AKRON, Ohio – The city of Akron never seems to run out of works of art on display, often in surprising locations.
Until December 8, visitors walking the corridors of the Summit County Courthouse will be on display at “Faces and Feelings,” an appropriate exhibit during a pandemic where people need to see each other from afar, Estate Court community outreach specialist Lisa Mansfield said in a statement.
âWhether it was the isolation or the masks, we hadn’t really seen each other for a very long time,â she said. “These artists capture the joy of our feelings when they see faces.”
The exhibition is hosted by Organized courthouse, a collaboration between Summit County Probate Court and Organized showcase, a non-profit organization that has activated some of the darkest corners of downtown Akron since 2016.
âFaces and Feelingsâ features photographs by Laura Ruth Bidwell and paintings by Max Markwald and Care Hanson.
Bidwell is a photographer, bookmaker and collage artist who graduated with a Bachelor of Fine Arts in Painting from Akron University. Markwald, a graduate of the Akron Meyers University School of Art, focuses on large format oil paintings. With a Masters of Fine Arts from Bowling Green State University, Hanson’s work includes acrylic on canvas, mixed media on recycled cardboard and natural mandalas.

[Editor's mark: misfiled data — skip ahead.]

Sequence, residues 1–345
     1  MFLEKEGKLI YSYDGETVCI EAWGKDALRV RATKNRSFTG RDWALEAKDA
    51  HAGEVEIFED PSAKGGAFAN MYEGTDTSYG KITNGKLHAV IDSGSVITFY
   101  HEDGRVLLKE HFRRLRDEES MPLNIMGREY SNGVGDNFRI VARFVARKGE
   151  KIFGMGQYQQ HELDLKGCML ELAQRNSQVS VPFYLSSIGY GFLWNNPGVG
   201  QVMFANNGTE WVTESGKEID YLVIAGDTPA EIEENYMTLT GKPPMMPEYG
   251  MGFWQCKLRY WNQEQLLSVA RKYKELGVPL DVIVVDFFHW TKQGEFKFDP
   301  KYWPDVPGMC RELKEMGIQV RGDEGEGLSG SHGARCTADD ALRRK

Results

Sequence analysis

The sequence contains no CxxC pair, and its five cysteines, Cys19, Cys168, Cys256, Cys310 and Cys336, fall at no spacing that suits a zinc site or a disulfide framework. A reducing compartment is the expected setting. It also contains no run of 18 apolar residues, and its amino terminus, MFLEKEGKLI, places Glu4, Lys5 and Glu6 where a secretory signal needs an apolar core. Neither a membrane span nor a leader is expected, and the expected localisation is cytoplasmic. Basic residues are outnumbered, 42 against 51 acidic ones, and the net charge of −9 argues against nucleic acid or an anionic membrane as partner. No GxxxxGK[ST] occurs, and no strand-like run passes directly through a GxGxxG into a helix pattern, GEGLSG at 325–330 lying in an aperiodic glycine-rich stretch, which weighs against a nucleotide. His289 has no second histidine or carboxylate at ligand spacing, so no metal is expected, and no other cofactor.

Art opens doors for communication and connects people, Hanson said.
âDuring the months of COVID-19 and quarantine, these doors asserted life,â she said.
Judge Elinore Marsh Stormer was already exhibiting local art in the courthouse in 2019, showcasing the work of clients from the Summit County Developmental Disabilities Board, Summit Metro Parks and Community Support Services.
That same year, his Curated Courthouse project received $ 50,000 in the The John S. and James L. Knight Foundation Art Challenge, to continue to introduce art to the public.
The objective of the Knight challenges is to connect people to places and to each other in 26 Knight Cities, where the The Knight family has previously published newspapers. In the Art Challenge, offered every few years, Knight asks the Akron community a single question, which must be answered in 150 words or less: What is your best idea for the arts in Akron?
Those who submit ideas are given a chance to compete for a share of the $ 1 million to fund their projects.
Since Curated Storefront named winner of the Knight Arts Challenge, the initiative, under the leadership of Executive Director Rick Rogers, featured multimedia displays held in 86 Akron storefronts in 25 mostly neglected or underused buildings, lighting up windows and doors and lighting up building roofs. . The windows are dressed in tableau-style shows, and multimedia art has been installed on the ceilings and outside of the buildings.
The initiative has attracted more than 100,000 visitors to downtown Akron, the organization reported. Of the empty buildings that Curated Storefront has activated, 11 have been redeveloped commercially.
Current store window displays include “Out of the frameâ, Which transforms shipping containers into mobile art galleries and performance spaces in the northern district of Akron.
“World of wondersâIs a temporary museum showcasing the work of ceramic artist Clayton Bailey. The museum runs through October 30 in downtown Akron at 156 S. Main St.
The Knight Arts Challenge returned to Akron this year, asking the Akronites for their best ideas throughout July. The winners are should be announced soon.